– – Yahoo Sports published a playlist of country songs for running, including peculiar explanations of why each song is especially good for running. At least they didn’t argue that “Homeboy” would make you run as if pursued by an inner-city thug, I guess…
We don’t have hits. We’re a bluegrass band. ●
– – Steve Martin in concert.
Country music is for real people. I think it would be very hard to write about my Louboutins. Do you know what I mean? My giant house, it’s not relatable. But my husband came from a small town and hardworking parents like I did, and I don’t think we’ve lost that mind-set. We don’t have a bowling alley in our basement. We don’t have houses on the beach and one in New York and one in L.A. I drive a three-year-old Ford Escape Hybrid. We don’t care about stuff like that. ●
– – You won’t hear Carrie Underwood singing about her Louboutins any time soon.
I used to go to Walmart and stash my CDs in the country section. I really like the idea of people trying to buy my record and it not being in the database. I’m sure Walmart just threw them away but who knows? Maybe someone wanted it and stole it? I hope so. ●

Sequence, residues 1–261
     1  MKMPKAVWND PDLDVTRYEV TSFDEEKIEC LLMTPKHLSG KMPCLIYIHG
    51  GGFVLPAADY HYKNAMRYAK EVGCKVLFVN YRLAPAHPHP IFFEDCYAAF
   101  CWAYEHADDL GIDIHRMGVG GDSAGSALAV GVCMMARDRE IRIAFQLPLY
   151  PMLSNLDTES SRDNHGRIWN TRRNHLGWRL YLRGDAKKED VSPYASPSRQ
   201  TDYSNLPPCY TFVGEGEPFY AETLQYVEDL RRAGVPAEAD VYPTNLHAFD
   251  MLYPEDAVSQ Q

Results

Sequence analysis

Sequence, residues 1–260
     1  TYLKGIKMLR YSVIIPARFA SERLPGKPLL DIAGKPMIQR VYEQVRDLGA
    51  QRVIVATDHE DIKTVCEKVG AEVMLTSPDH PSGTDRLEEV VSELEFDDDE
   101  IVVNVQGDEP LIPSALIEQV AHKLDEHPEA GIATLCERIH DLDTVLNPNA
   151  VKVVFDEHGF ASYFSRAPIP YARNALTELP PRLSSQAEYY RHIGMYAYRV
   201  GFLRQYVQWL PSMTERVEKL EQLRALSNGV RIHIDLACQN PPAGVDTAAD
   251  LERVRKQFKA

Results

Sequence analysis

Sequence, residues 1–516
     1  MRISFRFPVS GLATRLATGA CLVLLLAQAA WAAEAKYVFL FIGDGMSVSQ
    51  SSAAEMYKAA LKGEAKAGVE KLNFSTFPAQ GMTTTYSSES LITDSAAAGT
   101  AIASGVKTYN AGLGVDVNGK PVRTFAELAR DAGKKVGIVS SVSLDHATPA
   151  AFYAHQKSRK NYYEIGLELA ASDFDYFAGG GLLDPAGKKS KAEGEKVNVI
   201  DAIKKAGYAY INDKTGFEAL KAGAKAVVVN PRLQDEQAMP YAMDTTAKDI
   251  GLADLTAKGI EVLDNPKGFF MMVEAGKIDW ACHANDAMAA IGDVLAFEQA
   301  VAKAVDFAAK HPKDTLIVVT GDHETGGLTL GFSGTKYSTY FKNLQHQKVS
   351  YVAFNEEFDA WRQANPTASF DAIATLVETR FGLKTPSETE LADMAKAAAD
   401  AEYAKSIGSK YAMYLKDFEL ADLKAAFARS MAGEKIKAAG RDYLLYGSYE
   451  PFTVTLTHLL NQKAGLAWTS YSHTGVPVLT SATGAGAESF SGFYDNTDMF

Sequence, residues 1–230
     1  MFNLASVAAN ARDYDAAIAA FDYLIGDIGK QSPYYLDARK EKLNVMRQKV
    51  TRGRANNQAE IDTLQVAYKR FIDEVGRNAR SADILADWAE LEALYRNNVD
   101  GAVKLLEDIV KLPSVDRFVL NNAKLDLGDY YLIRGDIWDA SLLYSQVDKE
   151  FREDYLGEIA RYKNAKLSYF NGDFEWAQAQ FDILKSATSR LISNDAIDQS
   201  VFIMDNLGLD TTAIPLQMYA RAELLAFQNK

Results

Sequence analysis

– – Jonny Corndawg takes a Reginald Spears approach to self-promotion.
It comes into my head and comes out as my sound in a lot of ways. But I always know that it sounds like my voice, no matter how hard I try to sing like someone else… In fact, I’ve gone into the studio several times and said, “I’m really going to sound like so-and-so on this record and I’m really going to push myself to make my vocals better.” And at the end of the day, it comes out and I’m like, “F—, it sounds like me.” [laughs] ●